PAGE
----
PUEBLO — Liam Sunkel might be in for a rough weekend if Friday doesn’t go his way. The No. 3 singles player for Aspen is one of two Skiers singles players to advance to the Class 4A boys tennis semifinals.
He wants to take home a medal for sure, but he’s playing for a bit more than just that.
“My girlfriend said she would dump me if I didn’t win this tournament,” Sunkel said.
Seems like a little much, but he said with a laugh and quickly countered that they’re always competitive and that he delivered a similar ultimatum as she went to play in a club soccer tournament this weekend.
“Yeah, I told her if they don’t win their tournament that we’re done so it works on both ends,” he said.
It’s unlikely that the relationship ends this week due to what happens in two separate athletic events. But Sunkel would prefer to not take any chances because there is so much more at stake. Both he and Alex Mosher have hopes of bringing home the first gold medals in the program’s history.
“We’ve had some players place around third in the past but I’m looking at getting past that this year,” he said.
At No. 2 singles, Mosher is looking to do the same thing. But his first-round win, while important for his personal mission of winning, had a far bigger impact than just an advancement to quarterfinals.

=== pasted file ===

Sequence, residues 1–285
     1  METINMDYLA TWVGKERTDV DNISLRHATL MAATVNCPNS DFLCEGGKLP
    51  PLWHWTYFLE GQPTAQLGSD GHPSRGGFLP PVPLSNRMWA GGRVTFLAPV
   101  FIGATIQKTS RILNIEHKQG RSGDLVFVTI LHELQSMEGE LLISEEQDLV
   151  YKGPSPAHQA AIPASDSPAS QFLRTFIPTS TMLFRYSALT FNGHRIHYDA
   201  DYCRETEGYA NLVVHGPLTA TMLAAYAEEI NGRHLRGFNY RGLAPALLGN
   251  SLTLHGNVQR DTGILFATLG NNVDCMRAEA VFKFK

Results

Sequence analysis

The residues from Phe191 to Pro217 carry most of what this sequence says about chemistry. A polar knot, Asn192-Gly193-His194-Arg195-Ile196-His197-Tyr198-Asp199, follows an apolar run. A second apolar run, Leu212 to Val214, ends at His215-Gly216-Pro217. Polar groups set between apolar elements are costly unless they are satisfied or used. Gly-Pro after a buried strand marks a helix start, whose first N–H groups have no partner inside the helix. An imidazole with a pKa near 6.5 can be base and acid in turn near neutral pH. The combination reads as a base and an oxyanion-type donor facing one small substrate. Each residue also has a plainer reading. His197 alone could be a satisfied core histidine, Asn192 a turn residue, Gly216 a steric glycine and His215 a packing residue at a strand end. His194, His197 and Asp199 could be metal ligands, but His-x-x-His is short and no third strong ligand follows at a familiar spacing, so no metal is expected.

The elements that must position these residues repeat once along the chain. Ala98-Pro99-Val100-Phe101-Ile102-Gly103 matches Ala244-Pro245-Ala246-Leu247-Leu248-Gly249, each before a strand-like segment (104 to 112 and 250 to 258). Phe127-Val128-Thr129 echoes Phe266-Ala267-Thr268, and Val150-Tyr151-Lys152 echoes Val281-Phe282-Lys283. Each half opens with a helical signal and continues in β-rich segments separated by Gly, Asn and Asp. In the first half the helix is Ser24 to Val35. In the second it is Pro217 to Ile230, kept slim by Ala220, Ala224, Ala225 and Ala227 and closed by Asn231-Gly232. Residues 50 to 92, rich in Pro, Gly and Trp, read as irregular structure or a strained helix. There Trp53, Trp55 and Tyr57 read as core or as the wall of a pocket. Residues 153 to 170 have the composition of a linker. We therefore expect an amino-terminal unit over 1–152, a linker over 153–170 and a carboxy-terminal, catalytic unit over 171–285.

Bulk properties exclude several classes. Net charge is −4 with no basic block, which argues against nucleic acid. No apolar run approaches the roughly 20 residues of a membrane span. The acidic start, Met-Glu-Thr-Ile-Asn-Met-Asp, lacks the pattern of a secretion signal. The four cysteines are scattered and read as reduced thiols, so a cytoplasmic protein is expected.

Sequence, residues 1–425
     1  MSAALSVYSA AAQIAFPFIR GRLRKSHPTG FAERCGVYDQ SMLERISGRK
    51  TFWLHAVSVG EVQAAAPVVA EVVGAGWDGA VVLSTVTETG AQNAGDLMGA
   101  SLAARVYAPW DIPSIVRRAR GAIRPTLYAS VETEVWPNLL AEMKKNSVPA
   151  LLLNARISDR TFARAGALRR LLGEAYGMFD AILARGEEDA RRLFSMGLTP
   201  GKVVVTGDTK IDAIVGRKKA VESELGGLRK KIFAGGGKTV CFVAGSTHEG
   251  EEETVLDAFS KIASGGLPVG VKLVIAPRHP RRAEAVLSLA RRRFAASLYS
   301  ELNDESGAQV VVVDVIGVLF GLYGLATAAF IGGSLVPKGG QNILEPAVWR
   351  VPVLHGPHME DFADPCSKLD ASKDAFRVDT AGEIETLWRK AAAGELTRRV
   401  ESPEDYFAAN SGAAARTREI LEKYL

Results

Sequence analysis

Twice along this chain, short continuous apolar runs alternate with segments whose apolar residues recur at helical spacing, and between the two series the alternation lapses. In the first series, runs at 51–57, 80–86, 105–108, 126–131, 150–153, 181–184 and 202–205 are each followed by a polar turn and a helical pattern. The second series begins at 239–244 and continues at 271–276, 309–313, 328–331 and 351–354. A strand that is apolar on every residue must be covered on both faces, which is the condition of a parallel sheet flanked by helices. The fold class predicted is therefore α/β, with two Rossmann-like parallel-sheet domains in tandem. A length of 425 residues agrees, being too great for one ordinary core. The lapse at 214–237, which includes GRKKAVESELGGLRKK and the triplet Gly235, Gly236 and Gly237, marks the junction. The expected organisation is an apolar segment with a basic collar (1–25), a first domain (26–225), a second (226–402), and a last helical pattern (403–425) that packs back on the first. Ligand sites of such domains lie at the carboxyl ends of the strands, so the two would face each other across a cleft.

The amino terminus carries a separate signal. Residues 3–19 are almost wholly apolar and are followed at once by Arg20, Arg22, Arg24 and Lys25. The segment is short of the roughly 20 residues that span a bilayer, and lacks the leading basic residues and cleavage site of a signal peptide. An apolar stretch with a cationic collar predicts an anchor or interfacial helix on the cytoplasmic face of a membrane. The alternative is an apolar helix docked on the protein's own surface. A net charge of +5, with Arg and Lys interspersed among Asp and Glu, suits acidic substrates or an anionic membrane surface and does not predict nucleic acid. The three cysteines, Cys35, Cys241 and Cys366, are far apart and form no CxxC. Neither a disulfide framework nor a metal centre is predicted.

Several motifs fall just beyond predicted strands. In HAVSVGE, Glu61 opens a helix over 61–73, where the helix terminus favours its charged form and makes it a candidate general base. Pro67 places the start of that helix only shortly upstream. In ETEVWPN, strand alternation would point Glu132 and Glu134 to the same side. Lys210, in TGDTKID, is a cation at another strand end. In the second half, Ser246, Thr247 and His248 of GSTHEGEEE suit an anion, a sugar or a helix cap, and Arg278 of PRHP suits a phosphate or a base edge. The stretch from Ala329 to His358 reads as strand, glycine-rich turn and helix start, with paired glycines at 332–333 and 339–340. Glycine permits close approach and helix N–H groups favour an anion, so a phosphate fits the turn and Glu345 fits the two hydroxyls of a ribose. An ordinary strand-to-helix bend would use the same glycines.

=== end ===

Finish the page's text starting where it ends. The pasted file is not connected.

He took down Niwot’s Sam Keronen 7-6 (4), 6-1 in the first round. The Cougars took second as a team last year and with qualifiers in all seven positions, they looked like a favorite to win it all this season. But Mosher’s win may have shifted momentum to Cheyenne Mountain.
“I haven’t really processed (the full impact) yet,” Mosher said. “It’s been a pretty chaotic day for me.”
That’s for certain. He dropped his fist set in the second round to Colorado Academy’s Caleb Aguirre before rallying to get a 4-6, 6-4, 6-2 win to advance to Friday’s semifinals.
Aguirre was responsible for Mosher’s only loss in the regular season so getting retribution in the state tournament was a big confidence.
“I was a little nervous coming into this match since I had already played him,” Mosher said. “I just kept my focus and powered through. I never lost my confidence.”
Keronen still has a chance to put up points for Niwot in the team race since Mosher is playing in the semifinals. If Mosher can advance to the championship, the Cougars team title hopes will remain alive. It'll just be a tough task with No. 3 and No. 4 doubles missing out on semis as well.
But heading into Saturday it’s Cheyenne Mountain in the lead with 21 points. A win would give the Indians their first boys tennis championship since 2012.
It’s a big goal for coach Dave Adams and his boys, but everyone knows that there is still plenty of work to be done.
“A lot of these boys have been on teams that haven't had this kind of success," Adams said. "It's been nine years, so they know (what's at stake)."